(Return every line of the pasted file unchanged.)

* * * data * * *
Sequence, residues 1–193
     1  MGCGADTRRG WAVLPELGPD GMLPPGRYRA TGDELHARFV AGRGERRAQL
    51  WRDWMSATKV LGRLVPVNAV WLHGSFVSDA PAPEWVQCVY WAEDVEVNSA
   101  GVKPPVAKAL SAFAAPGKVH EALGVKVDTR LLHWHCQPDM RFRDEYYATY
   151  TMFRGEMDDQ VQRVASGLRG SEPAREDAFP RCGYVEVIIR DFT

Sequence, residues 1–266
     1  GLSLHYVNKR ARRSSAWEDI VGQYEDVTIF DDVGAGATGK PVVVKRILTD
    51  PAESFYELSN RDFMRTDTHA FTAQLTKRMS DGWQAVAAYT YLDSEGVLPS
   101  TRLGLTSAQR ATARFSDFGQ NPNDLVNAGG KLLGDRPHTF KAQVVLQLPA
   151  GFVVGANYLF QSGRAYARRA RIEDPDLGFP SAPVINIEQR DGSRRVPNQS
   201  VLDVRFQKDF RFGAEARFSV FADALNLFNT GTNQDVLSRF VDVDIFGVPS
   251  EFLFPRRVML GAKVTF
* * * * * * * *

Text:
Sequence, residues 1–193
     1  MGCGADTRRG WAVLPELGPD GMLPPGRYRA TGDELHARFV AGRGERRAQL
    51  WRDWMSATKV LGRLVPVNAV WLHGSFVSDA PAPEWVQCVY WAEDVEVNSA
   101  GVKPPVAKAL SAFAAPGKVH EALGVKVDTR LLHWHCQPDM RFRDEYYATY
   151  TMFRGEMDDQ VQRVASGLRG SEPAREDAFP RCGYVEVIIR DFT

Sequence, residues 1–266
     1  GLSLHYVNKR ARRSSAWEDI VGQYEDVTIF DDVGAGATGK PVVVKRILTD
    51  PAESFYELSN RDFMRTDTHA FTAQLTKRMS DGWQAVAAYT YLDSEGVLPS
   101  TRLGLTSAQR ATARFSDFGQ NPNDLVNAGG KLLGDRPHTF KAQVVLQLPA
   151  GFVVGANYLF QSGRAYARRA RIEDPDLGFP SAPVINIEQR DGSRRVPNQS
   201  VLDVRFQKDF RFGAEARFSV FADALNLFNT GTNQDVLSRF VDVDIFGVPS
   251  EFLFPRRVML GAKVTF